When controversy stirred a year ago over issuing Social Security Cards in Armenia, officials predicted that by the time the cards came into use, their value would be understood.
Ten days ago, the first cards appeared. But so did more noise on the part of those who see the cards as anything from an annoying invasion of privacy to the apocalyptic “Mark of the Beast”.
The term for implementing the card system has
been extended until January 1, 2005, but it appears
that for a small but vocal minority, resistance
“These cards are against freedom of conscience, faith and human rights,” says Armen Avetisyan, leader of Armenian Aryan Unanimity and a member of the Council Against People’s Numeration. “It’s been more than three months that with threats of being fired, everywhere people are being forced to be numerated, meaning to get those cards. These cards are a violation of human rights.”
Avetisyan was among a group that gathered last week near the Institute of Manuscripts for “fighting against satanic power”, advising others with placards that read “Don’t Sell Our Souls”, “Your Holiness, Don’t Leave Your Flock”, “No to People’s Numeration”, “How Many Heads of Servants Does Satan Have in Armenia?”
The group carried a special coffin in which it placed mockups of Social Security Cards, calling for the burial of the “evil” idea.
The intention was to carry the coffin to Republic Square. Police, however, confiscated the coffin.
“As it was planned, on July 1 the coffin had to be brought to Republic Square and people who were cheated and forced to get cards were to put them into the coffin,” says Avetisyan. “However, the action failed since before the protesters started acting police confiscated the coffin and the portrait of the social security card framed and tied with a black ribbon. If they don’t return our coffin in the nearest time we shall sue the police.”
Council Against People’s Numeration member
Khachik Stamboltsyan says the group has more than
100,000 written complaints about the cards and
more than a million followers who are fighting
against “satanic cards”.
“We collect those cards from people and are going to return them to the ministry,” says Stamboltsyan. “Meanwhile, we will do anything to interfere with the implementation of that system.”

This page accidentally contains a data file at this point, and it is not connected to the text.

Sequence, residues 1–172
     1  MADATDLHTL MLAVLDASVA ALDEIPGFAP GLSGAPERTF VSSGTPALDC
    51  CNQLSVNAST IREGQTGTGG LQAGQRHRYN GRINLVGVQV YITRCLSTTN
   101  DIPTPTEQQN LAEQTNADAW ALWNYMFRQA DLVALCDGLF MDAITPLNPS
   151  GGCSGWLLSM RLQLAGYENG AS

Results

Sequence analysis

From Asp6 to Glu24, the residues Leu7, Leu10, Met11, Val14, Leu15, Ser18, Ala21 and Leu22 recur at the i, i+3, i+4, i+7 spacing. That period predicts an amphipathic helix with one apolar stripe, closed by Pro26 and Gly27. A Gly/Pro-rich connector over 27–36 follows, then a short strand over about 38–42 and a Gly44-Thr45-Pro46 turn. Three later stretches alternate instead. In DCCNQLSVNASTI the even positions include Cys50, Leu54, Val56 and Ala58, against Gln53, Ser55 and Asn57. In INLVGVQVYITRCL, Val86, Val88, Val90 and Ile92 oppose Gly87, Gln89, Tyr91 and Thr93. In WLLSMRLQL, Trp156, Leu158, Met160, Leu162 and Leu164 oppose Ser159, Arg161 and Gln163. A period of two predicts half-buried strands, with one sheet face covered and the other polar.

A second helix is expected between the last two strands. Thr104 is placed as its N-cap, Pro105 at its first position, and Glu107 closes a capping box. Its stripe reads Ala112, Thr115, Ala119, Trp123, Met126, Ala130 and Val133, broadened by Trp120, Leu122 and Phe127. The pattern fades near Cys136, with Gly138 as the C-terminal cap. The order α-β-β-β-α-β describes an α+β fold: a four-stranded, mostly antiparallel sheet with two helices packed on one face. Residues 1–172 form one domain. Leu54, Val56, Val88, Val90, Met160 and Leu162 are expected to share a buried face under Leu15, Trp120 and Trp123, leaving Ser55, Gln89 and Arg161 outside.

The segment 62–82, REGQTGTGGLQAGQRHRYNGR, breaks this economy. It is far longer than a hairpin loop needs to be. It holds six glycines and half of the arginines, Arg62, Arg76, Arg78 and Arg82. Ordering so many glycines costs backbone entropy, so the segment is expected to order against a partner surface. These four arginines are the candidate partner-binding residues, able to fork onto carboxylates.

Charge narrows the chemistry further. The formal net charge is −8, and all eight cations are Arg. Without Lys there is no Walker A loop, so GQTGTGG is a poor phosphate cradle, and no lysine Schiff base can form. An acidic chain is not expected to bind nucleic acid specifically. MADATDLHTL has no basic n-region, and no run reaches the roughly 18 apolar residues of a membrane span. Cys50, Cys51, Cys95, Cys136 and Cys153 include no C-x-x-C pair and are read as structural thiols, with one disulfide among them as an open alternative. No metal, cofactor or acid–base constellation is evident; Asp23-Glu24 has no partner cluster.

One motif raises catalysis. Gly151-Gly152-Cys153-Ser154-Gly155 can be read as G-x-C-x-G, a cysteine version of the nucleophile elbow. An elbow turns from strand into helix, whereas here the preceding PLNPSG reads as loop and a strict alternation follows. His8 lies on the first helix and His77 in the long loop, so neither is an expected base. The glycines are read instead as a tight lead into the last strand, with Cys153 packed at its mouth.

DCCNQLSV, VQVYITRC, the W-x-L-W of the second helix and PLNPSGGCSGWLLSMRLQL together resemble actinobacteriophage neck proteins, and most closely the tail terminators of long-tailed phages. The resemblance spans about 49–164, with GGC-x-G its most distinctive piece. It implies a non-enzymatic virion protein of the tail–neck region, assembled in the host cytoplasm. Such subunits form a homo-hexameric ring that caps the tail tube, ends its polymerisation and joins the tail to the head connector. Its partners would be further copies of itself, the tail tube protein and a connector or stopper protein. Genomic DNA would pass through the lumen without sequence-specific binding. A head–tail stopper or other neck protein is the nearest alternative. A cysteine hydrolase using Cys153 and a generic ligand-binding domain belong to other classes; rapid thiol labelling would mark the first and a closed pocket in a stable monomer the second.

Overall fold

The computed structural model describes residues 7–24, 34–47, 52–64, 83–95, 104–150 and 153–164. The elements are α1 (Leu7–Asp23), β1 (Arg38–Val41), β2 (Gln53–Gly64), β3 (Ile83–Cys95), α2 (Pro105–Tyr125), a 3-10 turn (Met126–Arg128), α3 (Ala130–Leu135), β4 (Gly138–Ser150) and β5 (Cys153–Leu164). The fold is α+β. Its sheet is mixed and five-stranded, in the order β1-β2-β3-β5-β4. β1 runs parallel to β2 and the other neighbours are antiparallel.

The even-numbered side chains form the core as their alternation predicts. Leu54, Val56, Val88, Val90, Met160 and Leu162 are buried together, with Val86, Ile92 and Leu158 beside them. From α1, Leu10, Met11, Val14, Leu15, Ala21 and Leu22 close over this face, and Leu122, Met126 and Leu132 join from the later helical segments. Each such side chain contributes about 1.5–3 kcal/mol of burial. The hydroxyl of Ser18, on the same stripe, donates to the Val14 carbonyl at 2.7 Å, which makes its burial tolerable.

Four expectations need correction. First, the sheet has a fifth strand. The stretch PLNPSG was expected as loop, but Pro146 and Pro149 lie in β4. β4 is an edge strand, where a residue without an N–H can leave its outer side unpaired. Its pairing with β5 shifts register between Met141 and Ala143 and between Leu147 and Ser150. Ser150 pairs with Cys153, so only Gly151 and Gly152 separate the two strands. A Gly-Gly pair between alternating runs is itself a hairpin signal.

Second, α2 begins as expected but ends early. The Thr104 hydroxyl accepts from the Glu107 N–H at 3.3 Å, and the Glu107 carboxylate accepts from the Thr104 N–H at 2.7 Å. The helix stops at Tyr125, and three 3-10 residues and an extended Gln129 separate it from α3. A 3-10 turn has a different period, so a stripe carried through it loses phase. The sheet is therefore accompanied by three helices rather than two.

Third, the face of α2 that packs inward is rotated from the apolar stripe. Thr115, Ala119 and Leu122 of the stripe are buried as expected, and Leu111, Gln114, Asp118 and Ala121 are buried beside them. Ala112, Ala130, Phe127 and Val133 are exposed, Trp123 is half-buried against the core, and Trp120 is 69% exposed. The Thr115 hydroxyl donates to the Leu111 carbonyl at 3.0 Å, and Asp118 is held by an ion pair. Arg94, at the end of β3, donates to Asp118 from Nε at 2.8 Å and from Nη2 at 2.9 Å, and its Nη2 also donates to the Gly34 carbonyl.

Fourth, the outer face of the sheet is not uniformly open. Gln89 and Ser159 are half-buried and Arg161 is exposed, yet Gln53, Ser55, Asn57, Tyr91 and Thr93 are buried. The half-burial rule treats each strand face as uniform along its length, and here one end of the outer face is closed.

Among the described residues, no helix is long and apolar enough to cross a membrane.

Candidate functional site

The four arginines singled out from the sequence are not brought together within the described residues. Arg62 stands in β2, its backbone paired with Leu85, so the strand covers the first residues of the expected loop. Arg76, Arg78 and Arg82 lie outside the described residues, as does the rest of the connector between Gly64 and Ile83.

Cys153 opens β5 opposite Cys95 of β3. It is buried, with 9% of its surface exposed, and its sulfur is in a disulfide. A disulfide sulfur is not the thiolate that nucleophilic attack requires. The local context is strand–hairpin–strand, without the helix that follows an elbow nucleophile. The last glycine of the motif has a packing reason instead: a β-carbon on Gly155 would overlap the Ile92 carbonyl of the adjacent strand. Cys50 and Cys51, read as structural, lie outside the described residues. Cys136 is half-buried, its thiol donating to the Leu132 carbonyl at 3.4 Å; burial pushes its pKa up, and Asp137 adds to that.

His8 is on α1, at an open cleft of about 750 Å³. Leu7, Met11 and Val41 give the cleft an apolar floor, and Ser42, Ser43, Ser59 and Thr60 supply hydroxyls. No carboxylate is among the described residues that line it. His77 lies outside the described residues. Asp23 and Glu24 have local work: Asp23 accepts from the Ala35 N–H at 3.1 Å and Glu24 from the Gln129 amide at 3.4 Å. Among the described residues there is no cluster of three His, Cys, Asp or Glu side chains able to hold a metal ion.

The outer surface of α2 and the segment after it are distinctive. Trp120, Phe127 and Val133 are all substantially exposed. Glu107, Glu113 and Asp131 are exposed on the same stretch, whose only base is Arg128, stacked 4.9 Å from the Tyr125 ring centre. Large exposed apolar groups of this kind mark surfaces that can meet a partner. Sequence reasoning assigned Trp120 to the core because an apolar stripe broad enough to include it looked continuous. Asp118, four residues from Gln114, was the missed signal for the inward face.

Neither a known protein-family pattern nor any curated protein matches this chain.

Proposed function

extremists think the cards are Satanic
Ministry of Social Welfare experts dismiss the controversy as a misunderstanding, assuring that Social Security cards are not obligatory, but may be necessary for future interaction in government-related record keeping.
“If a person receives salary or pension, it’s clear that he’ll need a social card and if he does not depend on such things he can refuse it,” says Haykuhi Gevorgyan, a public relations officer at the Ministry of Social Welfare.
Gevorgyan says at present around 1.6 million citizens have registered to get social security cards and 1 million of them have already received them.
“The process continues, people call, ask questions and get registered to receive a card,” says Gevorgyan. “Everything goes its natural way.”
However, those who are opposed to the cards assure unanimously that the system is “a satanic brand”, “soul genocide” and is the best option to eliminate the nation physically and spiritually.
According to one widespread opinion among dissenters, people are numerated so that they lose their individuality.
“With the Lord’s help we’ve
been fighting against cards for three years and
we will continue fighting until we achieve what
we want, since it’s even terrifying to imagine
what information is put in those cards,”
says Stamboltsyan. “That information is
kept for 400 years and serves against our nation
and religion. We cannot allow such a thing to
Stamboltsyan says his group has applied to many souces and also to the Catholicos to protect Christians from that disaster. However His Holiness Garegin II says he sees no threat in the cards and has received his on July 3.
&ldquoBy that step the Catholicos sold Christ
for 30 silver coins,” says Stamboltsyan.
“But with God’s power we will eliminate
that system; there are many clerics who follow